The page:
sábado, 12 de diciembre de 2009
The Community of Motherhood
This month what has most struck me is that women are talking about community. They are happy with their care, the one hour prenatals where we pick an issue and talk about it indepth; they like the library where they can browse or borrow a book; they like how their muscles feel after yoga class, but most of all, they LOVE their community.
Through the different spaces offered at Luna Maya- yoga, childbirth education, mother's group, workshops such as infant reflexology and just our physical space, women are talking, talking and talking. And through all that talking comes bonding. And it turns out that pregnant women, even though one may be indigenous and struggling to understand our imposed rituals, another may be mestiza and struggling to understand why a scheduled cesarean might not be the safest choice, and another may be a women's rights advocate who never really considered what might happen when a woman "chooses" motherhood- have a lot in common. Almost everything really.
What I most love to watch is how racial, economic, social and tribal lines that have divided us over centuries start to dissolve as the belly's stretch forward. It turns out that we are all secretly, or vocally, pretty scared of labor pain. It turns out that during pregnancy we all have a day where we feel that no one understands us, not even ourselves. And it turns out that when we sit in circle with other women in that same place, we don't feel as lonely anymore. And we aren't expected to fix it all by ourselves either.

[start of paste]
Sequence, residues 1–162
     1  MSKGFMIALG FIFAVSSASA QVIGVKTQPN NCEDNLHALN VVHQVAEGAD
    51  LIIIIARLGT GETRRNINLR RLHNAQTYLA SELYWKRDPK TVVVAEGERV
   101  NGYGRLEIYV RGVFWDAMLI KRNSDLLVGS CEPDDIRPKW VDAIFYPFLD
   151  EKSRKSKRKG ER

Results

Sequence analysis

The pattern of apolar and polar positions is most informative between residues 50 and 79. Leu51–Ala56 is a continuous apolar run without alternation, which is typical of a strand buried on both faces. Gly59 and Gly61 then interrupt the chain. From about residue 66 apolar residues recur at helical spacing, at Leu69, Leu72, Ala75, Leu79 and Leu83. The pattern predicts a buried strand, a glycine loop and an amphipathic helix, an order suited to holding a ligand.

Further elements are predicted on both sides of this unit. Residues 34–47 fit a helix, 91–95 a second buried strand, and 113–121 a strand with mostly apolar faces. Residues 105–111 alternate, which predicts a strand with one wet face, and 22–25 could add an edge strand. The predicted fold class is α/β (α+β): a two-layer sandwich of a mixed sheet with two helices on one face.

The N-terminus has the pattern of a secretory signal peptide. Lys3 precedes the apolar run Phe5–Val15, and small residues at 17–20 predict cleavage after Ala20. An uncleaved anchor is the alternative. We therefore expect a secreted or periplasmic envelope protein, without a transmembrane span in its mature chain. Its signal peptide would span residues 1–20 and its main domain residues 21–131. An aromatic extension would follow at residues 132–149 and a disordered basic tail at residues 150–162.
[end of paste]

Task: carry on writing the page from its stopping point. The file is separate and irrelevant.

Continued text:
Denying community to pregnancy is denying a basic physiological reality. Until recently babies were always born to a community. There was a tribe waiting on the other side of the woman's skin to welcome the baby in, teach important rituals, pass on tradition and name and honor the child. Nowadays we sometimes are lucky enough to be able to "hire" a doula- a surrogate sister who will walk us through the steps of the postpartum shadow until we know it won't go away and we know it is part of us. Nowadays women are tired and alone and drop their babies off at the day care "community" as quickly as possible. This is absurd. And its not community.
So, I've been thrilled to hear the women lingering, chatting, walking out together to get a coffee, or making plans to walk together. This is community. A community who cares that your baby was born and will hold you through it. Just as we can't expect women to birth alone, we can't expect women to mother alone.